pD2 N ðpÞð2Þð290Þ ¼ ¼ 30:38 m/s 60 60 From the outlet triangle Therefore U 2 ¼

tan b2 ¼

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C r2 12 ¼ 0:395 ¼ 30:38 U2

124

Chapter 3

i.e.,

b2 ¼ 218330 Illustrative Example 3.16: An inward ﬂow turbine is supplied with 245 L of water per second and works under a total head of 30 m. The velocity of wheel periphery at inlet is 16 m/s. The outlet pipe of the turbine is 28 cm in diameter. The radial velocity is constant. Neglecting friction, calculate 1. The vane angle at inlet 2. The guide blade angle 3. Power. Solution: If D1 is the diameter of pipe, then discharge is p Q ¼ D21 C 2 4 or C2 ¼

ð4Þð0:245Þ ¼ 3:98 m/s ðpÞð0:28Þ2

But C2 ¼ Cr1 ¼ Cr2 Neglecting losses, we have Cw1 U 1 H 2 C22 /2g ¼ gH H or Cw1 U 1 ¼ gH 2 C22 /2 ¼ ½ð9:81Þð30Þ 2

ð3:98Þ2 ¼ 294:3 2 7:92 ¼ 286:38 2

Power developed P ¼ ð286:38Þð0:245Þ kW ¼ 70:16 kW 286:38 ¼ 17:9 m/s 16 3:98 tan a1 ¼ ¼ 0:222 17:9 i.e. a1 ¼ 128310

and Cw1 ¼

C r1 3:98 3:98 ¼ ¼ 2:095 ¼ C w1 2 U 1 17:9 2 16 1:9 i.e. b1 ¼ 64.43 or b1 ¼ 648250 tan b1 ¼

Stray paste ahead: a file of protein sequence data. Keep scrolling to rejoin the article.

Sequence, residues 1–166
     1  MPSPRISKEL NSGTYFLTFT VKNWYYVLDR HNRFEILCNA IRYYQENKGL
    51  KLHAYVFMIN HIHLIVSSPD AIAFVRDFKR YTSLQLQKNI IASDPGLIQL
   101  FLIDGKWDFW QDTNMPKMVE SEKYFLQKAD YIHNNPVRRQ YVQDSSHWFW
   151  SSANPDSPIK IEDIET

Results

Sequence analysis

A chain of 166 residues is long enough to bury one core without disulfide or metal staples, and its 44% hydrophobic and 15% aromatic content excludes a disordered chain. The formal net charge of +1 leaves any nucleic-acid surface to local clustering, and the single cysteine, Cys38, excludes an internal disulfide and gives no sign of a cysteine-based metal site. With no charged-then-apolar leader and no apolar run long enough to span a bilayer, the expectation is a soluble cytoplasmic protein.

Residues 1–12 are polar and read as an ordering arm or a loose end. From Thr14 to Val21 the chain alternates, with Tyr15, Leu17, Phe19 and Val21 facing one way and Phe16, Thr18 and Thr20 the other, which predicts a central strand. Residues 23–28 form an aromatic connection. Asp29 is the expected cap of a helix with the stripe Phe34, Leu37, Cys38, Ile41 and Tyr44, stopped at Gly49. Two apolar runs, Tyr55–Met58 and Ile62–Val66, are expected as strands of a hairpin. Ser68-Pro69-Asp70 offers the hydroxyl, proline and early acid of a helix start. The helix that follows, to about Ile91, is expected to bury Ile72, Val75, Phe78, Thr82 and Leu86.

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Hydraulic Turbines

125

Design Example 3.17: A reaction turbine is to be selected from the following data: Discharge ¼ 7:8 m3 /s Shaft power ¼ 12; 400 kW Pressure head in scroll casing at the entrance to turbine ¼ 164 m of water Elevation of turbine casing above tail water level ¼ 5:4 m Diameter of turbine casing ¼ 1 m Velocity in tail race ¼ 1:6 m/s Calculate the effective head on the turbine and the overall efﬁciency of the unit. Solution: Velocity in casing at inlet to turbine Discharge Cc ¼ Cross 2 sectional area of casing ¼ 7:8 2 ¼ 9:93 m/s ðp/4Þð1Þ The net head on turbine C2 2 C2 ¼ Pressure head þ Head due to turbine position þ c 2g 1 2 2 ð1:6Þ2 ¼ 164 þ 5:4 þ ð9:93Þ 2g

2 2:56 ¼ 174:3 m of water ¼ 164 þ 5:4 þ 98:619:62 Waterpower supplied to turbine ¼ QgH kW ¼ ð7:8Þð9:81Þð174:3Þ ¼ 13; 337 kW Hence overall efﬁciency,

ho ¼

Shaft Power 12; 400 ¼ ¼ 0:93 or 93% Water Power 13; 337

Design Example 3.18: A Francis turbine wheel rotates at 1250 rpm and net head across the turbine is 125 m. The volume ﬂow rate is 0.45 m3/s, radius of the runner is 0.5 m. The height of the runner vanes at inlet is 0.035 m. and the angle of

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126

Chapter 3